Each male and female subject was randomly assigned to two experimental conditions: "Disclosed Ethical information" or "Undisclosed Ethical information." The only difference between the two conditions was that positive ethical information was included in the background information accompanying the working papers presented to those in the "Disclosed Ethical condition"; however, this information was excluded from the case materials presented to the auditors in the "Undisclosed Ethical condition."

Case Material

Two audit working paper cases were presented to the manager and senior subjects for review. One was a banking case and the other was a healthcare case. The banking case involved loan receivables and loan loss reserves, and the healthcare task involved hospital patient service receivable, related accounts receivable, and the allowance for bad debt accounts. The case materials were developed and pilot tested with the assistance of one Big 5 accounting firm. This firm provided the researcher with full access to one specialist each in banking and healthcare audits. Each case included instructions and background information for completing the hospital or banking case. The background information included the positive ethical information, an overview of the company's accounts receivables or loans receivables, audit plans, and the firm's financial data (the balance sheet and income statement for two years). The cases also included working papers that the subjects reviewed. As noted earlier, two versions of the case m aterial were presented to the subjects--one containing the positive ethical signal and the other without the positive ethical signal.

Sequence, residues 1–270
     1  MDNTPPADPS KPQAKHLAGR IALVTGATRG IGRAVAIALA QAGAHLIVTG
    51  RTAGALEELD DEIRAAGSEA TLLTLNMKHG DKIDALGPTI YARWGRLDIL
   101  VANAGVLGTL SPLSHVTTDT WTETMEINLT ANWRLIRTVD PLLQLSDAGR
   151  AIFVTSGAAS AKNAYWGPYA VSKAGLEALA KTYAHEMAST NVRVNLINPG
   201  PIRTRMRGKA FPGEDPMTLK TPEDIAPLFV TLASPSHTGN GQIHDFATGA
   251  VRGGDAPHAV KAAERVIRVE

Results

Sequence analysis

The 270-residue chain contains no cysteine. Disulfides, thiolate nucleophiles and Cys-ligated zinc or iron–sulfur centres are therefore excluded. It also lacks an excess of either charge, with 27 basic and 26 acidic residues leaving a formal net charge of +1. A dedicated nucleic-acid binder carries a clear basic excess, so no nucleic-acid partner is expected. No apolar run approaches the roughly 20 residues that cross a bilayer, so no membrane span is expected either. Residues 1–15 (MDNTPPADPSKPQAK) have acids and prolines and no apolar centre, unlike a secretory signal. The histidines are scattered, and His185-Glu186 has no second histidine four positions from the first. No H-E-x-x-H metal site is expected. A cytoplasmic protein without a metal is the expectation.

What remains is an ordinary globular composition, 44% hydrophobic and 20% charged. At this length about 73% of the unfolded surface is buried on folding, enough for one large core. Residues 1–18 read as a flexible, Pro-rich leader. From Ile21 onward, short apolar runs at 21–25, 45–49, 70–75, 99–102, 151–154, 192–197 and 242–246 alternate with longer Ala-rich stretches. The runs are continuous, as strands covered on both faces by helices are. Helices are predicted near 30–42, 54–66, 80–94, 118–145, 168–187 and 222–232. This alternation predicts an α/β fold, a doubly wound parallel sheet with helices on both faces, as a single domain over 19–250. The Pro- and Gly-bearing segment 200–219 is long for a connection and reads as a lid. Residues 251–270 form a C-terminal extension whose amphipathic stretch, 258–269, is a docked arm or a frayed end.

In preparing the cases, care was taken to mitigate an unexpected sensitivity to the ethical information. This was achieved by seeding a finite number of identical errors into the two versions of the case materials. Further, a statement was included in the background information indicating that the CPA firm had assessed top management of client company to be of high integrity with a good reputation in the community. It also stated that the CPA firm had placed some reliance on the companies' internal controls. Since audit managers do not typically review audit staff directly, they were told that the in-charge senior supervising the audit was out sick and was not available to review the working papers. With these controls, every subject faced the same number of errors and identical client environmental constraints when reviewing the working papers in both information conditions. Many of the seeded errors were industry-specific errors. The industry specialist at the Big 5 firms also reviewed the developed cases a nd assessed the level that the seeded errors suggested fraudulent financial reporting. They indicated an insignificant level of fraud risk as a result of the seeded errors.